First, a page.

Living with Asthma
It is possible to live well with asthma if you manage it. That means you need a doctor trained to treat asthma, a treatment plan and to stick with that plan. If you are proactive, you can reduce asthma attacks, reduce illness and ER visits and live a full life.
The Americans with Disabilities Act (ADA) is a federal civil rights law. Asthma and allergies are usually considered disabilities under the ADA. The ADA helps people with asthma and allergies create safer, healthier environments.
People with allergies and asthma must take special precautions when they travel – whether that is by plane, train or automobile. With these planning tips, you can prepare for a safer, healthier trip.
Infants and toddlers have much smaller airways than older children and adults. In fact, these airways are so small that even small blockages caused by viral infections, tight airways or mucus can make breathing difficult for the child.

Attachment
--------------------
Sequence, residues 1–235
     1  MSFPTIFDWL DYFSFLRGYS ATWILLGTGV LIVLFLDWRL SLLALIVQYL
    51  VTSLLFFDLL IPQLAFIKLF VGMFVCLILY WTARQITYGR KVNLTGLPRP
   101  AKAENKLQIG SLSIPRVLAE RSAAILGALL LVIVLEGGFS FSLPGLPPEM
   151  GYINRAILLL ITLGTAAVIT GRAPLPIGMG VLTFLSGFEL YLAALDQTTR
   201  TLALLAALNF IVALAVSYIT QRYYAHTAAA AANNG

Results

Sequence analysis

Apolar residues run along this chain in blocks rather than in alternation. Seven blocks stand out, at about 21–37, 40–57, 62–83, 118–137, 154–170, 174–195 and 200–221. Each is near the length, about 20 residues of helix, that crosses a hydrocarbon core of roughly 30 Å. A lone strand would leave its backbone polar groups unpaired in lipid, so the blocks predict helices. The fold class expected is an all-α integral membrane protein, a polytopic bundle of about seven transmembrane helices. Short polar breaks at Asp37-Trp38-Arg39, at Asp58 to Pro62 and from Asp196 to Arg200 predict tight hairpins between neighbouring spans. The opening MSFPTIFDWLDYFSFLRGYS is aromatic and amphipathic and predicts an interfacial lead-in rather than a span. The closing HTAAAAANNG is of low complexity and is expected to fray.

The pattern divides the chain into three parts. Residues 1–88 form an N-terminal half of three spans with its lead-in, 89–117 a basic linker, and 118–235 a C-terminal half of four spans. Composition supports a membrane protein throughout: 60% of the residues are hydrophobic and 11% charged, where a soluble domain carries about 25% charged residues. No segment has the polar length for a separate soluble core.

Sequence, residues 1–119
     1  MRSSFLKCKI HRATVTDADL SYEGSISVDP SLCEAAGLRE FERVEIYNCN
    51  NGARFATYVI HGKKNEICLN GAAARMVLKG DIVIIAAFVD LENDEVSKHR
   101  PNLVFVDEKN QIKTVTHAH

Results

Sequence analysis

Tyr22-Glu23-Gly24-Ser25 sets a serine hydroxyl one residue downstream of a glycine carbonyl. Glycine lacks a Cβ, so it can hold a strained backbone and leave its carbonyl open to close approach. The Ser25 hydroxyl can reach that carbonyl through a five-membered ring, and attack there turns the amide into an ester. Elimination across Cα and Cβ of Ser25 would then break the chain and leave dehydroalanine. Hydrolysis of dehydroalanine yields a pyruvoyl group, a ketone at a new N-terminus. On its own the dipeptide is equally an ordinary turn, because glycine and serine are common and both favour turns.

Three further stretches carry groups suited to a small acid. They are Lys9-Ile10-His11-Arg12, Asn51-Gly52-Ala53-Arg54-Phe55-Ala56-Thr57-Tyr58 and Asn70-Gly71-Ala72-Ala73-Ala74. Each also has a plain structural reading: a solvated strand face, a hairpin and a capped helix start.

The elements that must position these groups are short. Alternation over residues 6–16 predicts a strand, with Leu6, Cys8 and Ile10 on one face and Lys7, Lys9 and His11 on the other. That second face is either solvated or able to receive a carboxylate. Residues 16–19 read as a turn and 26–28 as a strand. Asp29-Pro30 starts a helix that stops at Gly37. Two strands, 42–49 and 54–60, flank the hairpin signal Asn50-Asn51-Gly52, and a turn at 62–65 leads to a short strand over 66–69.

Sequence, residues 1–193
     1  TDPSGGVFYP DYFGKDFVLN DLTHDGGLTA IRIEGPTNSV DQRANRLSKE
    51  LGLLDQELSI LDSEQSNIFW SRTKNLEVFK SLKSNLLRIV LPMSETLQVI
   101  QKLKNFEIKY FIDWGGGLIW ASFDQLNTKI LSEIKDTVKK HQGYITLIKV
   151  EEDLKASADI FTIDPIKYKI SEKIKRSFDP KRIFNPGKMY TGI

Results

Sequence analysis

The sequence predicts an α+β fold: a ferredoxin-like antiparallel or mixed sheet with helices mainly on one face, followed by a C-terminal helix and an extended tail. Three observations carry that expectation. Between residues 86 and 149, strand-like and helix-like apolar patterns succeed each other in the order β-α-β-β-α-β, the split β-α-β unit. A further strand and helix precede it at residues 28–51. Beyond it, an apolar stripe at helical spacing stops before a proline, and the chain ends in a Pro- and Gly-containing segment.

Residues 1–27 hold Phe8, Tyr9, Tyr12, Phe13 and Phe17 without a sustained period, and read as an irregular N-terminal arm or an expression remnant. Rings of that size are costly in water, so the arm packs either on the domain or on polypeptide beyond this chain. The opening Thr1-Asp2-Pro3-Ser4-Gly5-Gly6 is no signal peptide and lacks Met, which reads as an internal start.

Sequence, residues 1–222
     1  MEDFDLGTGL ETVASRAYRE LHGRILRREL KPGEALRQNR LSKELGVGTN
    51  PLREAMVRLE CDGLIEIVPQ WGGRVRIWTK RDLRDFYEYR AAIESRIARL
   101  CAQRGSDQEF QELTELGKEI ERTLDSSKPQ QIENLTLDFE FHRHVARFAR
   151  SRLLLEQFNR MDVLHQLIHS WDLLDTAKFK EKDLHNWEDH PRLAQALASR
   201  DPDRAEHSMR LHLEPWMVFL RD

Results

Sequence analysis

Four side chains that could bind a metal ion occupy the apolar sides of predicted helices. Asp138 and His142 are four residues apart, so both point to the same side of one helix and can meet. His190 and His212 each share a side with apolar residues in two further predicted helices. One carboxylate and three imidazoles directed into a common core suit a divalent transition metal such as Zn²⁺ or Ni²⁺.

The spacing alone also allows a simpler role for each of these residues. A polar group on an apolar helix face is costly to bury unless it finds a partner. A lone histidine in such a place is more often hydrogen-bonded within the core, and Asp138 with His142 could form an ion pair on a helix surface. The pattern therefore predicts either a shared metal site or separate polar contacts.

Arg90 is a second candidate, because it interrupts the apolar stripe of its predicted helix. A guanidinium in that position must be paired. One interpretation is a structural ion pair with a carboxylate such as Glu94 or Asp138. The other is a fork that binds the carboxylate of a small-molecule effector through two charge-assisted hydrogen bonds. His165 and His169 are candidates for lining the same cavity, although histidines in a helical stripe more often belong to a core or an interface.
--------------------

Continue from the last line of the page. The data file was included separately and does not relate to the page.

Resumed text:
If you are pregnant and have asthma, you have to take extra care to manage your asthma. If your asthma is not controlled, it could be dangerous for your child. Your asthma may also get worse during your pregnancy. Talk to your doctor about the best treatment.
Asthma in Children
Asthma is the most common chronic disease in children. A child is more likely to get asthma if other family members have it and/or if they have certain types of allergies. Parents and guardians can best help their child if they understand asthma. Learn about the disease and follow up with your child’s doctor.
Asthma in Adults
Many people develop asthma as a child. But adults often get asthma later in life, even in their 50s or 60s. Adults who had allergies as a child could get asthma an adult. Or they might become sensitive to foods or chemicals. Adult-onset asthma is usually more persistent than childhood asthma. Adults with asthma who are already taking other medicines need to work with their doctor to find the best treatment. For example, heart medications might affect how asthma medications work.
Asthma in Older Adults
Asthma is common in adults 65 and older. It is often missed or untreated in this group. Other health problems may make it hard to diagnose asthma. More asthma-related illness and deaths occur in older adults than in other age groups. Regular communication with your doctor is key to managing asthma.
Medical Review September 2015.